The Cruel Story Behind The 'Reverse Freedom Rides'
After three days on a Greyhound bus, Lela Mae Williams was just an hour from her destination—Hyannis, Mass.—when she asked the bus driver to pull over. She needed to change into her finest clothes. She had been promised the Kennedy family would be waiting for her.
It was late on a Wednesday afternoon, nearly 60 years ago, when that Greyhound bus from Little Rock, Ark., pulled into Hyannis. It slowed to a stop near the summer home of President John F. Kennedy and his family. When the doors opened, Lela Mae and her nine youngest children stepped onto the pavement.
Reporters' microphones pointed at her, their cameras trained on her family. The photographs in the next day's newspaper show Lela Mae looking immaculate. In an elegant black dress, a triple string of pearls and a white hat, she was dressed to start a new life.
"She was going to have a job, and she was going to be able to support her family," one of Lela Mae's daughters, Betty Williams, remembered in a recent interview. Before coming north to Massachusetts, Lela Mae had been promised a good job, good housing and a presidential welcome.
But President Kennedy was not there to meet her. And there was no job or permanent housing waiting for her in Hyannis. Instead, Lela Mae and the others were unwitting pawns in a segregationist game.
"It was one of the most inhuman things I have ever seen," recalled Margaret Moseley, a longtime civil rights activist in Hyannis, in a televised interview a few years before her death.
Fuming over the civil rights movement, Southern segregationists had concocted a way to retaliate against Northern liberals. In 1962, they tricked about 200 African Americans from the South into moving north. The idea was simple: When large numbers of African Americans showed up on Northern doorsteps, Northerners would not be able to accommodate them. They would not want them, and their hypocrisy would be exposed.
The Reverse Freedom Rides have largely disappeared from the country's collective memory. The scheme almost never appears in history books and is little-known even in Hyannis, the primary target of the ploy. But some hear echoes of that segregationist past in America's present. And for the families that came to the North based on a lie, the journey has cast an enduring shadow on their lives.
The segregationists' game
In the summer of 1961, black and white activists, who became known as the Freedom Riders, boarded Greyhound buses and crisscrossed the South with the goal of integrating interstate buses and bus terminals. When the buses pulled into Southern cities, they were greeted by mobs armed with bats and firebombs.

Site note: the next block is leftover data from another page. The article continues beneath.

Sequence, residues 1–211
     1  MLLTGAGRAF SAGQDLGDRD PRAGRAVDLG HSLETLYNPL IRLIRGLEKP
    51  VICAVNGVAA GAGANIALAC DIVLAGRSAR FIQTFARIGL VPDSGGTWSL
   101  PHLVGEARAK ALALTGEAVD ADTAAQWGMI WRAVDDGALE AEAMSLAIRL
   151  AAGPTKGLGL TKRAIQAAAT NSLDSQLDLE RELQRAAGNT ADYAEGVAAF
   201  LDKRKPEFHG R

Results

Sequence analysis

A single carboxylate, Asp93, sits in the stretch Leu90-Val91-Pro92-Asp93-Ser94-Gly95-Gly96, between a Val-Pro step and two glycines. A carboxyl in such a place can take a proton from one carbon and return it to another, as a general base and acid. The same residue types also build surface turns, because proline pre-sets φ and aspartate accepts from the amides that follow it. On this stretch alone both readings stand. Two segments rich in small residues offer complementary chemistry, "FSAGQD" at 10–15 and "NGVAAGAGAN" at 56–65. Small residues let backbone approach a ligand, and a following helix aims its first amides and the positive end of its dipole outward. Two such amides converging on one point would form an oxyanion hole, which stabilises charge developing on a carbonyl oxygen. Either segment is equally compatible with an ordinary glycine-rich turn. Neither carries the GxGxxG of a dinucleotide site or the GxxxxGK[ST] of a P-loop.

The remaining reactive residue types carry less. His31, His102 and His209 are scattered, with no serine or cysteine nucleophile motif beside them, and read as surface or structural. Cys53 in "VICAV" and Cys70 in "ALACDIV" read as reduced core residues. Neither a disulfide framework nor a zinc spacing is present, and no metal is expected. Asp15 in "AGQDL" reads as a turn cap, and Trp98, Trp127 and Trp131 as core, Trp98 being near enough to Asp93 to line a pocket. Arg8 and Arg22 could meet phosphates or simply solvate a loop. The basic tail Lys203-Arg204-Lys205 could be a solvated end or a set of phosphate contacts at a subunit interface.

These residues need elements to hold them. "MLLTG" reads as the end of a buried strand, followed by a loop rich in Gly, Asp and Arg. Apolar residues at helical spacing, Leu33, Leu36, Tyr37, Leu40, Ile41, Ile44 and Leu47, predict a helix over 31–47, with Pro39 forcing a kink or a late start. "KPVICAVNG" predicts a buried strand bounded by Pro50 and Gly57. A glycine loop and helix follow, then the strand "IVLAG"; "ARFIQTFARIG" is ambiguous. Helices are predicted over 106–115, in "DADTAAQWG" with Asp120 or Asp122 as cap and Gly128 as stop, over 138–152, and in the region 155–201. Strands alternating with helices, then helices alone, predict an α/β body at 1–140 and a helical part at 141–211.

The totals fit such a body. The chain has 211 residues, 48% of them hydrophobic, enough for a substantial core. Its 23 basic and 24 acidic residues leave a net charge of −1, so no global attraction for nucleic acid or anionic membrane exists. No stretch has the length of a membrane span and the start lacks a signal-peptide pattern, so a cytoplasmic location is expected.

Southern segregationists, who were still furious over the school desegregation fights that dominated the 1950s, saw the Freedom Riders as sanctimonious provocateurs. In a television interview from the time, Ned Touchstone of Louisiana—a spokesperson for a local segregationist group—said the North was "sending down busloads of people here with the express purpose of violating our laws, fomenting confusion, trying to destroy 100 years of workable tradition and good relations between the races."
Touchstone and other segregationists thought there was no way the Freedom Riders or their fellow Northern liberals actually cared about integrating interstate transit or advancing civil rights. Instead, they were convinced it was a strategy to embarrass the South and capture black votes for the Democratic party.
The segregationists decided to answer the Freedom Rides with the "Reverse Freedom Rides." They would use the same weapon—Greyhound buses—and send African Americans to Northern cities.
"For many years, certain politicians, educators and certain religious leaders have used the white people of the South as a whipping boy, to put it mildly, to further their own ends and their political campaigns," said Amis Guthridge, a lawyer from Arkansas who helped spearhead the Reverse Freedom Rides. "We're going to find out if people like Ted Kennedy ... and the Kennedys, all of them, really do have an interest in the Negro people, really do have a love for the Negro."
My mom thought that when she came to the North, she was going to have a better life for her children.
The segregationists tapped into a network of local groups called Citizens' Councils. Despite the sanitized name, the councils were essentially "the Ku Klux Klan without the hoods and the masks," said historian Clive Webb.